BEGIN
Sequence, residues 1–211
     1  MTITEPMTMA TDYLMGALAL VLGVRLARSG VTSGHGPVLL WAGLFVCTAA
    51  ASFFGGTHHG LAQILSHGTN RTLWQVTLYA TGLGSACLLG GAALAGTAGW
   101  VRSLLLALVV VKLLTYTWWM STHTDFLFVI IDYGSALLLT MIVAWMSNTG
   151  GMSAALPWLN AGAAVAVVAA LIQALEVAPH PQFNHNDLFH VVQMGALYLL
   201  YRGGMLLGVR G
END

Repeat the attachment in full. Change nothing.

Sequence, residues 1–211
     1  MTITEPMTMA TDYLMGALAL VLGVRLARSG VTSGHGPVLL WAGLFVCTAA
    51  ASFFGGTHHG LAQILSHGTN RTLWQVTLYA TGLGSACLLG GAALAGTAGW
   101  VRSLLLALVV VKLLTYTWWM STHTDFLFVI IDYGSALLLT MIVAWMSNTG
   151  GMSAALPWLN AGAAVAVVAA LIQALEVAPH PQFNHNDLFH VVQMGALYLL
   201  YRGGMLLGVR G